Some people think LinkedIn is something they can avoid. 


It’s not. 


Is LinkedIn really important? The short answer is yes. The long answer is yes, if you’re a professional of any kind.


Every type of professional is on LinkedIn. They go there because LinkedIn is dedicated to business. There are few cat videos. Mostly, people keep their politics off of LinkedIn. It’s one of the fastest ways to make professional connections. 


Millions of businesses use LinkedIn to find new employees. They will search through profiles looking for people who are qualified for whatever job they’re trying to fill. Then they invite those people to apply. 


If you want to find a job or build a network, you need LinkedIn. 


Some LinkedIn facts:


  • 756 million people are LinkedIn users
  • 310 million use the site monthly
  • There are over 15 million open jobs on the platform
  • 3 people are hired every minute via LinkedIn
  • There are 57 million companies on the site 1


So, yes. LinkedIn is important. You need to be there if you want to get a job, hire people, or build a network of professionals to communicate with.


Optimizing a LinkedIn Profile


As with most social media platforms, optimizing your LinkedIn platform isn’t difficult, but it can help if you take the time to do it right.


Here’s a short list of things to optimize on your LinkedIn profile to get noticed:


  • Use a good profile picture. Keep it pretty boring. A front-facing, well-lit headshot will make a perfect picture. Unless you’re an artist, don’t get too fancy.
  • Add a header image. The image should be relevant. It’s easy to make your own using any of hundreds of image services. 
  • Write an enticing headline. The headline should be more than just your job title. It should tell people a little about you.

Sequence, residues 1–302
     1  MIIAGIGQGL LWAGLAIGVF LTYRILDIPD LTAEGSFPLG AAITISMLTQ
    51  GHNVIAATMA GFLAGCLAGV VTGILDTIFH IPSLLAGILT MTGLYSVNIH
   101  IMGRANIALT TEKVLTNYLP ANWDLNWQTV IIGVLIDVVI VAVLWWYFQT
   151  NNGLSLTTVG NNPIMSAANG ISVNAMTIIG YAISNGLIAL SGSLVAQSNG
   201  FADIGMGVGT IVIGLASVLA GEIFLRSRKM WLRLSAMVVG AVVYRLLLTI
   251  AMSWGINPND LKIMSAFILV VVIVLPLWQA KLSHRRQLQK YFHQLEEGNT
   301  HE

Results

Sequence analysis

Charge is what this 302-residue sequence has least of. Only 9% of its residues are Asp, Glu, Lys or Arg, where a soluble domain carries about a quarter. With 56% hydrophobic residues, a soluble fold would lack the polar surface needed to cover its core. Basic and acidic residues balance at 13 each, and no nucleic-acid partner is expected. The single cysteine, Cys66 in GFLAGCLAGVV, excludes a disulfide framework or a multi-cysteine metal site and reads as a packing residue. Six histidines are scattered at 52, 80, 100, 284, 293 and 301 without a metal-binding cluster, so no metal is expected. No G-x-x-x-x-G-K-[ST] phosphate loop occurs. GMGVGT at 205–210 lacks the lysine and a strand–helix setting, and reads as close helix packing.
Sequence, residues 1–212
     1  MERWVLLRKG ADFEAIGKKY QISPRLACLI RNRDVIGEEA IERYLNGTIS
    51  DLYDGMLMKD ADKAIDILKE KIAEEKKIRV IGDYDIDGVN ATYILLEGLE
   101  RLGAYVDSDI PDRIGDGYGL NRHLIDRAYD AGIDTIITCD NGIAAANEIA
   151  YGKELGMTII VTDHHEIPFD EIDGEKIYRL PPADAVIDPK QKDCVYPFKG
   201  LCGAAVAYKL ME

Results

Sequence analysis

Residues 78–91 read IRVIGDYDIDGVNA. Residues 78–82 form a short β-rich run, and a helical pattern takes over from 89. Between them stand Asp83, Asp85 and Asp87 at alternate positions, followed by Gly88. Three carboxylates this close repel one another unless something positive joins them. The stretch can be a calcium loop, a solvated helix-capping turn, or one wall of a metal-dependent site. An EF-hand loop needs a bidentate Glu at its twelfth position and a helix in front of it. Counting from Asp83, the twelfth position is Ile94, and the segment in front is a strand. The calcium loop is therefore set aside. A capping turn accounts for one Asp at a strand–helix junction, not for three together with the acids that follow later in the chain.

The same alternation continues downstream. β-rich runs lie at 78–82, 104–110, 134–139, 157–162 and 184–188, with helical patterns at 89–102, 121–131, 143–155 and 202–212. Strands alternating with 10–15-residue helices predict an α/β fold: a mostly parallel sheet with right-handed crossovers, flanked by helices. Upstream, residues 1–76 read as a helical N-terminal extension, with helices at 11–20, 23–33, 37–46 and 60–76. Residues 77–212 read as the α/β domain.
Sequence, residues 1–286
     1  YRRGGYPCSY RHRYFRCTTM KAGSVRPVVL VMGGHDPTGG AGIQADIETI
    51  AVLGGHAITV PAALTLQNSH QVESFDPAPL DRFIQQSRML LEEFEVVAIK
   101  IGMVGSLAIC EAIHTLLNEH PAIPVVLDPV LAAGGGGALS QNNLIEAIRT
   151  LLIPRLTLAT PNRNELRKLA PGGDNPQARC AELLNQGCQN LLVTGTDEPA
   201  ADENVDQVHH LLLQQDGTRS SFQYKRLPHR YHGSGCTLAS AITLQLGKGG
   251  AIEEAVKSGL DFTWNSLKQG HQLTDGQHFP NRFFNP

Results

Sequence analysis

• Make your summary a narrative. Suck people in with an interesting story. Don’t make it too sappy, but make it interesting. 
  • Leave out the buzzwords. Seriously, aren’t you sick of hearing the same buzzwords over and over? They’ve been so overused, they mean nothing anymore. 
  • Avoid the type of jargon that’s also overused. While Lean is a specific skill set and practice, it’s also so overused, it’s watered down. Instead of talking about Lean or some other technique, talk about what it can do for the reader or what it does for your business.
  • List relevant skills. Be sure the skills you’re listing apply to what you do now. That you were the number one striker on your college soccer team is not useful for a salesperson.
  • Endorse people so you can get endorsements. That’s the key to sharing love. The more you get endorsements, the more it shows that you’re networking well and making connections. 
  • Take skills assessments. Three are tests on LinkedIn. Of course, they cost money, but you can take the tests and they’ll show that you have the skills you say you do.


Get started with those steps. Those Will help you build your profile and start networking you on LinkedIn.